In Halmahero, a large island to the west of New Guinea, a wizard goes through a ceremony somewhat similar to the Servian village maid's. Cutting down branches, he dips them into the water and sprinkles the parched ground.

In Ceram the outer barks of certain trees are cast on the surface of running streams and rivulets and dedicated to the spirits that lie in the waters, that after this offering they may arise from the depths of the deep and clothe the earth with a cloud of mist.

THE CORN SPIRIT.

Another spirit, dreaded by all European peoples, was the Spirit of the Corn. In Russia especially children of the rural class sing songs of a very distant age, mother handing down to child themes unexposed to foreign influence. It is true the Church has altered the application of many by dressing up afresh pagan observances in Christian costumes. There are several, but one of the songs of the Russian serf to his prattling offspring illustrates this statement. Before reading it, it should be borne in mind that Ovsen is the Teutonic Sun God who possessed a boar, and that the antiquity of the song belongs to a time when the Russian peasant's forefathers worshipped the glories of the heavens, deifying the Sun for his fire and lustre.

The translation of this poem of the fire worshippers is taken from Ralston's Songs of the Russian People, and runs as follows. Imagine the crooning voice of the old Slav woman singing it to her nurse child.

"In the forest, in the pine forest, There stood a pine tree, Green and shaggy. Oh Ovsen! Oh Ovsen!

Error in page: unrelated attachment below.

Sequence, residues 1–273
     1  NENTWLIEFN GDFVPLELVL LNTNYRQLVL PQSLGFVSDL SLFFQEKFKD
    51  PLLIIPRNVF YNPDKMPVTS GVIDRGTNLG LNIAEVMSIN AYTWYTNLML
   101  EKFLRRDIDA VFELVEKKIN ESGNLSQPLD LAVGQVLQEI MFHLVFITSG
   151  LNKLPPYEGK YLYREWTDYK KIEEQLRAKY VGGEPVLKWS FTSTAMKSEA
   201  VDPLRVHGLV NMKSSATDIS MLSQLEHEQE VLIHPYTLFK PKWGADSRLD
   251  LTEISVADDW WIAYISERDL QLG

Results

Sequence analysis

"The Boyars came, Cut down the pine, Sawed it into planks, Built a bridge, Fastened it with nails. Oh Ovsen! Oh Ovsen!

"Who will go Over the bridge? Ovsen will go there, And the New Year. Oh Ovsen! Oh Ovsen!"

Another song asks—

"On what will he come? On a dusky swine. What will he chase? A brisk little pig."

The present singers of songs about Ovsen receive presents in lieu of the old contributions towards a sacrifice to the gods. The habit is to ask in some such words as these—

"Give us a pig for Vasily's Eve."

Pigs' trotters used to be offered as a sacrifice at the beginning of the New Year, and the custom still prevails in Russia of proffering such dishes at this time. The compliments of the season are commemorated by giving away the feet of the "brisk little pig." The first day of the New Year was Ovsen's day, but now consecrated to the memory of St. Basil the Great. The previous evening was called St. Basil's Eve, or Vasily's Eve. In one of the little Russian songs it is said—

"Ilya comes on Vasily's Day,"

meaning on St. Basil's, or New Year's Day, comes the Sun-god, or thunder-bearer, originally Pevan, who, under Christian influences, becomes Elijah, or Ilya.

"Ilya comes on Vasily's Day; He holds a whip of iron wire, And another of tin. Hither he comes, Thither he waves, Corn grows."

This supports the inference that the agriculturist was a nature worshipper. But quite apart from sun worshippers, and their songs about corn-growing, the children of the rural classes in many other parts of Europe have fixed ideas, or beliefs, in the "Spirit of the Cornfield"; their sayings are represented by different figures, "a mad dog in the corn," "a wolf in the corn," are found amongst the many shibboleths of the youngsters playing in the fields prior to harvest-time. That they dread the wavy movement of the grain-laden stalks is certain, and the red poppy, the blue cornflower, the yellow dandelion, and the marguerite daisy, although plucked by tiny hands on the fringe of the fields, it is not often tiny feet trample down the golden stalks. At nightfall, in Germany, an old peasant, observing the gentle undulating motion of the ripe crop while seated before his cottage, will exclaim—

"There goes the rye-wolf. The wolf is passing through the corn."

In some parts the "corn spirit" was said to be a cow.

"The cow's in the corn."

In one of our home counties—Hertfordshire—it is a "mare," and the custom of "crying the mare" has allusion to the corn spirit, and is spoken of in some villages to-day. There are several rhymes that carry a notice of cornfield games.